Dining Out Associated With High Risk of CCP Virus Infection: CDC

Paula Liu
By Paula Liu
September 12, 2020Healthshare
Dining Out Associated With High Risk of CCP Virus Infection: CDC
Esmerelda Amador shares a toast with her sister, far right, and parents as the family celebrates Amdaor's recent graduation from dental school at a restaurant on Manhattan's Upper West Side during the first day of New York City's phase two reopening during the CCP virus outbreak, in New York City, on June 22, 2020. (Kathy Willens/AP Photo)

The Centers for Disease Control and Prevention (CDC) stated in a new report that dining out in restaurants that offer on-site food and drinks is associated with a higher risk of being infected by the CCP virus.

According to the report, people who tested positive for the virus were twice as likely to have gone out to a dine-in restaurant than someone who tested negative.

The study was conducted through an investigation of outpatients at 11 separate health care centers. The study initially recruited 802 people at or older than 18, but it was later narrowed to 314 people for the final sample size.

These 314 were then divided into 154 people who had tested positive for the CCP (Chinese Communist Party) virus, with 160 of them as a control group, indicating that these individuals had tested negative for the virus.

During the investigation, both groups were asked about their activities 14 days prior to their symptoms. The study found almost no difference in some of the activities that the two groups took part in, such as shopping, going to the gym, or visiting church.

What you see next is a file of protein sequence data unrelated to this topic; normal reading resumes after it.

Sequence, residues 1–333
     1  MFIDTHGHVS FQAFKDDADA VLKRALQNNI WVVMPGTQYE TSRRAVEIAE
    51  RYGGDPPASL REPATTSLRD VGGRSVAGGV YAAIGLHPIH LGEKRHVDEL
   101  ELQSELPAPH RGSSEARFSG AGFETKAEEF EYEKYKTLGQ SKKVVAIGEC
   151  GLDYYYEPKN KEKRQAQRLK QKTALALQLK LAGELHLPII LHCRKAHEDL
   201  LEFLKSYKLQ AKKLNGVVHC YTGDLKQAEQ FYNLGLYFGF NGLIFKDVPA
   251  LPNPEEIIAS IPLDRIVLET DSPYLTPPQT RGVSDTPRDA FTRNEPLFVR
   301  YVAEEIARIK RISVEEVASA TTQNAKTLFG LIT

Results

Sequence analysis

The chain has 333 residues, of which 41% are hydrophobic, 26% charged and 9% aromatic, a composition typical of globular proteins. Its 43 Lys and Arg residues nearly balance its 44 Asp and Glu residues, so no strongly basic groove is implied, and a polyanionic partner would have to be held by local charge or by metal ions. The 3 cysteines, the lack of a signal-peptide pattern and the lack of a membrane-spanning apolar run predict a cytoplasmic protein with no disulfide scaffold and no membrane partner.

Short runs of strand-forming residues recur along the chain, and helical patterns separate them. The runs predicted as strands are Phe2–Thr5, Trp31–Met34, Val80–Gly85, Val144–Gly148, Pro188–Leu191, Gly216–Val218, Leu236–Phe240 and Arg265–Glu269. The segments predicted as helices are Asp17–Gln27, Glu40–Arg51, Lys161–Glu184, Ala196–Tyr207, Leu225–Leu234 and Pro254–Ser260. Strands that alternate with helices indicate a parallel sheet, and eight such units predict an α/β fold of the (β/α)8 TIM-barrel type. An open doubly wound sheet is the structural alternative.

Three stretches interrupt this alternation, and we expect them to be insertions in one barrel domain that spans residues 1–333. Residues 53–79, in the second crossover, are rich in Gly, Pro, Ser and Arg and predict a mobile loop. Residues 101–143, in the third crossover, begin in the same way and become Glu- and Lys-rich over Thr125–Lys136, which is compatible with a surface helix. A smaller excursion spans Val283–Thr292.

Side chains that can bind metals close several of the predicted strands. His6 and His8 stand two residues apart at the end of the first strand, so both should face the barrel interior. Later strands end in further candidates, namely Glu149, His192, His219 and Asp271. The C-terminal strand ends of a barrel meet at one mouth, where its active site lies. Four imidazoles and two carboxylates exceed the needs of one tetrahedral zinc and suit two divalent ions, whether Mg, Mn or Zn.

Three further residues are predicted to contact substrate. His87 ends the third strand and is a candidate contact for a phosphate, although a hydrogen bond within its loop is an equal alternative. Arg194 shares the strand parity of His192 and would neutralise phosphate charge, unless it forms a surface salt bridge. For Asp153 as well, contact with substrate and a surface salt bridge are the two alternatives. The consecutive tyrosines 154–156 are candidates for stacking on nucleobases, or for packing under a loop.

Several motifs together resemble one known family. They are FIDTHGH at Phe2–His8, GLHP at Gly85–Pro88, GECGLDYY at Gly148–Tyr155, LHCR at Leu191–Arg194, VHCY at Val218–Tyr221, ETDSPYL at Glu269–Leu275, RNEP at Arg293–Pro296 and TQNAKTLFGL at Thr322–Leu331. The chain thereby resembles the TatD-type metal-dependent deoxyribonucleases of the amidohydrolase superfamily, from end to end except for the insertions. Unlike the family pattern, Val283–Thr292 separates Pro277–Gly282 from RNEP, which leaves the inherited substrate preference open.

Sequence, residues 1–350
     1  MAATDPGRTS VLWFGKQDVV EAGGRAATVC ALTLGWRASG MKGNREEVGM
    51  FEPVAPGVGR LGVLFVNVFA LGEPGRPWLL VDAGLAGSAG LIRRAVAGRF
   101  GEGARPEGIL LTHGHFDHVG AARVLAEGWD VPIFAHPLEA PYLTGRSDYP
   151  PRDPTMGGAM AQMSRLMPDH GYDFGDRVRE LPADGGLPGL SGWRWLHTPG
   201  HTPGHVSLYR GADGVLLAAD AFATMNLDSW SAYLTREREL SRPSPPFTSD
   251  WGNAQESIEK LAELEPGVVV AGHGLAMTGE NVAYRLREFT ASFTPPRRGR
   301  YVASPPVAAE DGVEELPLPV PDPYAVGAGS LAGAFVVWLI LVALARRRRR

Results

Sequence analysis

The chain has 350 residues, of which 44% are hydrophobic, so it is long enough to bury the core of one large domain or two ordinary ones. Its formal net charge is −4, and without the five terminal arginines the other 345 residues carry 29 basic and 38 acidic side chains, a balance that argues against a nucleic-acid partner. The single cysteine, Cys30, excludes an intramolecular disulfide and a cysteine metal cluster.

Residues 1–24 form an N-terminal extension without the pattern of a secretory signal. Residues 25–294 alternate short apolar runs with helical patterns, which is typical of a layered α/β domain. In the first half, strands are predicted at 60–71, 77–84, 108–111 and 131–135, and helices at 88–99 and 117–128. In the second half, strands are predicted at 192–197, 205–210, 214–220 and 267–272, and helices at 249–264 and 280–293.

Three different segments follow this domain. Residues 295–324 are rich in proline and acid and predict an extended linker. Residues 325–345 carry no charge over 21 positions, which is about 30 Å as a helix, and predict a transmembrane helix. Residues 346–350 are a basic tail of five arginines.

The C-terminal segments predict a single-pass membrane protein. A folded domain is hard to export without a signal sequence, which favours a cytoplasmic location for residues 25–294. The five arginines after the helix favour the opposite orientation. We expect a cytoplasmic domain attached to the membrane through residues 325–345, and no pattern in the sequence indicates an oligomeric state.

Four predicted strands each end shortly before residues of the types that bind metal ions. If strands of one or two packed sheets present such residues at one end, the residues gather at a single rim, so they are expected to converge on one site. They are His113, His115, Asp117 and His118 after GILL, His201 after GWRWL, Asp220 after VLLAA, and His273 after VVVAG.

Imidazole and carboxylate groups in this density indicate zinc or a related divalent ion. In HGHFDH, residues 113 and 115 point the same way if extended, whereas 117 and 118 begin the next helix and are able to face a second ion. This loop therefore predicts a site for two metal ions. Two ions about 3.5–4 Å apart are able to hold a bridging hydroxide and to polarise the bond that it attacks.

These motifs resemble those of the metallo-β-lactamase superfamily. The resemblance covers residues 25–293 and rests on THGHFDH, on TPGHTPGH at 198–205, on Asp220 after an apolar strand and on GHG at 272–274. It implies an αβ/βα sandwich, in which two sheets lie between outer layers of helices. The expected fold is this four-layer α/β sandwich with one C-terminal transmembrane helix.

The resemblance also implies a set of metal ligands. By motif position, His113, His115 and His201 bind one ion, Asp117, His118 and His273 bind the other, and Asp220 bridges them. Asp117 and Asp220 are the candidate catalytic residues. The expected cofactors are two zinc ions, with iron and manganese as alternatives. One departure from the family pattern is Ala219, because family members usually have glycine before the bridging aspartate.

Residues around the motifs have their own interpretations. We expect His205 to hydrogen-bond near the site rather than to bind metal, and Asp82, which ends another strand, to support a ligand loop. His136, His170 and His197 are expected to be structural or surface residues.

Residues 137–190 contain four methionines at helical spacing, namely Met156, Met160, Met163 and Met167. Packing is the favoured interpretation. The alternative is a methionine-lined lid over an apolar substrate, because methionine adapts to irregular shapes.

However, the similarities stopped when asked about visiting restaurants or similar on-site dining locations such as coffee shops and bars.

“Adults with confirmed COVID-19 (case-patients) were approximately twice as likely as were control-participants to have reported dining at a restaurant in the 14 days before becoming ill,” the study stated.

Furthermore, the same patients who tested positive for COVID-19 were also the ones likely to have reported visiting a coffee shop or a bar. However, out of all the people who tested positive for COVID-19, that question was limited to individuals within the group who did not have any contact with someone who was infected with COVID-19 beforehand.

The study concluded that “eating and drinking on-site at locations that offer such options might be important risk factors associated with SARS-CoV-2 infection.”

The CDC still encourages individuals to stay home when possible and stated that food services—drive-through, delivery, take-out, and curbside pickup—are the safest options for eating out, as they present the lowest risk.

“COVID-19 is mostly spread by respiratory droplets released when people talk, cough, or sneeze. It is thought that the virus may spread to hands from a contaminated surface and then to the nose or mouth, causing infection,” CDC stated.

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